Baby sun bears are born blind, hairless, and helpless, and are completely dependent on their mothers for their first three months. Their mothers will carry them in their mouths or, unusually, by cradling them in their arms while they walk on their hind legs, a behaviour seen in no other bear species. The cubs nurse from their mother for around 18 months, and will stay with her until they are two years old. Females are ready to find a mate of their own by the time they are three, and males reach sexual maturity at around four.
The clouded leopard is so called because of the distinct, cloud-shaped patches on its coat. These same patches are, in China, believed to resemble mint leaves, and so in China these cats are known as “mint leopards”. In Malaysia, the arboreal habits of these predators have given them the name “tree tigers”.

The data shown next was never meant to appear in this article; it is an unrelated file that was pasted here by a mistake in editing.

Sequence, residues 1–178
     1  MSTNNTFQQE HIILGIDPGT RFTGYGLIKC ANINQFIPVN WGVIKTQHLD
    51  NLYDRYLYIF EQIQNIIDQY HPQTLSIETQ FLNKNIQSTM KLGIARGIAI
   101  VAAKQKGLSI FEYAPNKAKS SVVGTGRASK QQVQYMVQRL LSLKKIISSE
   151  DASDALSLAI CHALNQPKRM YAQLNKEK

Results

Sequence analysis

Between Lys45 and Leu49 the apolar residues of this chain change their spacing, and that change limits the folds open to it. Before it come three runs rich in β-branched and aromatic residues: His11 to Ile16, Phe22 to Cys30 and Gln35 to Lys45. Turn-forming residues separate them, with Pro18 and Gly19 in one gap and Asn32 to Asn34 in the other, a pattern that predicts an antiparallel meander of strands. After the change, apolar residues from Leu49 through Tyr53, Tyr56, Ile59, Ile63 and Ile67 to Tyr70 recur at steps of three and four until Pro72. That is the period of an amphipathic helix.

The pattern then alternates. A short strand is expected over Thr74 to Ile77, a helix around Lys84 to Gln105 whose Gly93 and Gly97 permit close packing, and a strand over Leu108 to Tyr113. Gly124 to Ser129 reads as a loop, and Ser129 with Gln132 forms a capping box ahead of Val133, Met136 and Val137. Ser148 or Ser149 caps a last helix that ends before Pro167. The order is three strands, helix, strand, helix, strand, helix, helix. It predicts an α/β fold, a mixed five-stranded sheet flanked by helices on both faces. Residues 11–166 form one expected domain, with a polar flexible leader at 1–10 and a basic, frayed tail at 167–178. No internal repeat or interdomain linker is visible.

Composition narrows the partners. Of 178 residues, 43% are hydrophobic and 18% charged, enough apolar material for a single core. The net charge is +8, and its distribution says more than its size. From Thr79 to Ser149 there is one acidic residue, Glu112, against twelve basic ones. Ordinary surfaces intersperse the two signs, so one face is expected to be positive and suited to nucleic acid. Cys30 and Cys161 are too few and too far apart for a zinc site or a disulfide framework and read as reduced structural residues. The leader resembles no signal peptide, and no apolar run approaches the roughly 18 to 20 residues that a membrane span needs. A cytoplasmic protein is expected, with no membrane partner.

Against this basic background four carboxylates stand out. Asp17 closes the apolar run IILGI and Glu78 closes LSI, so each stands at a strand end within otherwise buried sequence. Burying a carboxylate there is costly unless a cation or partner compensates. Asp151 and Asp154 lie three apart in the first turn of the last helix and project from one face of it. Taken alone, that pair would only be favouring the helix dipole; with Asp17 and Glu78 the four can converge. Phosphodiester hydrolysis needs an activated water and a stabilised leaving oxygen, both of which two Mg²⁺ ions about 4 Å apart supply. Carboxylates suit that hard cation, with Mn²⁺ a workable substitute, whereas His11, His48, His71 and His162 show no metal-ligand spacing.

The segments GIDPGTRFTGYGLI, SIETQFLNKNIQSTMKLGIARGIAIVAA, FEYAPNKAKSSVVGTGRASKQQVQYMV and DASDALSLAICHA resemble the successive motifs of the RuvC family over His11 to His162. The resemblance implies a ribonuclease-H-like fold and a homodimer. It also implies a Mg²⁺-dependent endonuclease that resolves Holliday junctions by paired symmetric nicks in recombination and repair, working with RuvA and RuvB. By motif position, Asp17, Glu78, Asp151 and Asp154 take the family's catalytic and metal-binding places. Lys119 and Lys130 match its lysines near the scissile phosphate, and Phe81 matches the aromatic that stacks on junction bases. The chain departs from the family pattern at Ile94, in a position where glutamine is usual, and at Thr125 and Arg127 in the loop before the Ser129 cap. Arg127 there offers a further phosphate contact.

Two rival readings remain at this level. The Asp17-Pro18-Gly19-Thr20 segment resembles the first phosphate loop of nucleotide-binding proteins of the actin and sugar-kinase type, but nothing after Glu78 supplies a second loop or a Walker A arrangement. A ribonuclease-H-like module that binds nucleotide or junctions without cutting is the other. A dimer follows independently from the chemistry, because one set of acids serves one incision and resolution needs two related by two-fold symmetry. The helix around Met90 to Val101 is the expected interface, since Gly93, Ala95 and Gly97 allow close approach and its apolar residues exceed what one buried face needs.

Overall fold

We mentioned before that the clouded leopard has an extremely long and thick tail to serve as a counterbalance as it climbs through the trees. This tail, which is as long as the cat’s entire body, is the longest in relation to body size of any feline species. The clouded leopard’s teeth, particularly its canines (or fangs), are another unique feature of this animal. These canine teeth can grow over four centimetres in length; that’s as long as the fangs of an adult tiger! To put this into perspective, a tiger is over ten times larger than a clouded leopard. Much like the tail, these teeth are the longest in relation to body size of any cat species. This has lead to the clouded leopard being referred to as “the modern day sabretooth”.
Like most bears, sun bears are generally solitary when not seeking a mate. When in breeding condition, however, mating pairs seem quite affectionate with each other, with the two bears hugging, play-fighting, and nuzzling. Little is known about mate selection or habits, especially since there is no set breeding season, but there are some researchers who believe the sun bear is monogamous. Adult pairs, possibly mates, have been observed travelling with litters of cubs, which is extremely unusual for bears. However, this has yet to be confirmed.